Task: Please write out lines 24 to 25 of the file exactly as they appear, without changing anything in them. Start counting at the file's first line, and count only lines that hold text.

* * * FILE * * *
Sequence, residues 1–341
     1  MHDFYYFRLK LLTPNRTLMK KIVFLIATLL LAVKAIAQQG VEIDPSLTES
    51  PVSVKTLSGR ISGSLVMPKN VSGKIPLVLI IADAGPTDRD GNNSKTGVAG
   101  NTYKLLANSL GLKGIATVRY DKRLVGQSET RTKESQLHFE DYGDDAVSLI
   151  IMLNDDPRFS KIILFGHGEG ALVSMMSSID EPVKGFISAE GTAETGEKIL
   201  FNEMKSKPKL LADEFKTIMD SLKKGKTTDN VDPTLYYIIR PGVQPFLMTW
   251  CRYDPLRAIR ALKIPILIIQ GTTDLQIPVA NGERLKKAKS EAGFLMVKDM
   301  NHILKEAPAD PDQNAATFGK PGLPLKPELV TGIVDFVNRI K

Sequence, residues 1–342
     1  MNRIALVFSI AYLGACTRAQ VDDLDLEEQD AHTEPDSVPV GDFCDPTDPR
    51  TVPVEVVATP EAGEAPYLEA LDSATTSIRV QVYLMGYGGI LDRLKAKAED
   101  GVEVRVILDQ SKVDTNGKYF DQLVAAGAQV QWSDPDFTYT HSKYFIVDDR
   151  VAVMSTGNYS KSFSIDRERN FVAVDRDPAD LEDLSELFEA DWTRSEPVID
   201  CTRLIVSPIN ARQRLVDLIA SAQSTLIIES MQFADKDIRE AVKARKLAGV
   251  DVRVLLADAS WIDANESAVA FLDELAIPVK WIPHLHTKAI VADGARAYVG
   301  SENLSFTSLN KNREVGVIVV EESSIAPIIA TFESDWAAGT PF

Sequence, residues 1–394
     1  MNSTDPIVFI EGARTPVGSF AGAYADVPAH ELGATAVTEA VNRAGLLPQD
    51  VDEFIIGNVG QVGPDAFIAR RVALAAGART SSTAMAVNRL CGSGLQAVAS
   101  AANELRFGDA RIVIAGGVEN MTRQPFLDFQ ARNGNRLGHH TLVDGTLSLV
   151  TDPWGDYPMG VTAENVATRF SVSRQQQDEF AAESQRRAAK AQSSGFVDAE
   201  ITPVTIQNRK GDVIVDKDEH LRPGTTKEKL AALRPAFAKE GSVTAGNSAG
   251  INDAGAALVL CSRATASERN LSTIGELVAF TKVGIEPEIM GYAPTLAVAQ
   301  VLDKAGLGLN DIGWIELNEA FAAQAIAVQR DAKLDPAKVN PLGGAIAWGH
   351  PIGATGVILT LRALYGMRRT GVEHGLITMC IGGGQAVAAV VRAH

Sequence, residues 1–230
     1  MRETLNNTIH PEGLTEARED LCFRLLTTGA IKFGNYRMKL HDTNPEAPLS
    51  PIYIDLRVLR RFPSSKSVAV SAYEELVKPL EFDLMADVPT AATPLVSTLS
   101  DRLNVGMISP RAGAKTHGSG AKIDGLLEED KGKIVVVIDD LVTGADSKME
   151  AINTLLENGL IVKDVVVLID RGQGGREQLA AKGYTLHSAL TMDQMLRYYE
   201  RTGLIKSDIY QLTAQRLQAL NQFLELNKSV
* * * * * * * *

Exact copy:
   301  VLDKAGLGLN DIGWIELNEA FAAQAIAVQR DAKLDPAKVN PLGGAIAWGH
   351  PIGATGVILT LRALYGMRRT GVEHGLITMC IGGGQAVAAV VRAH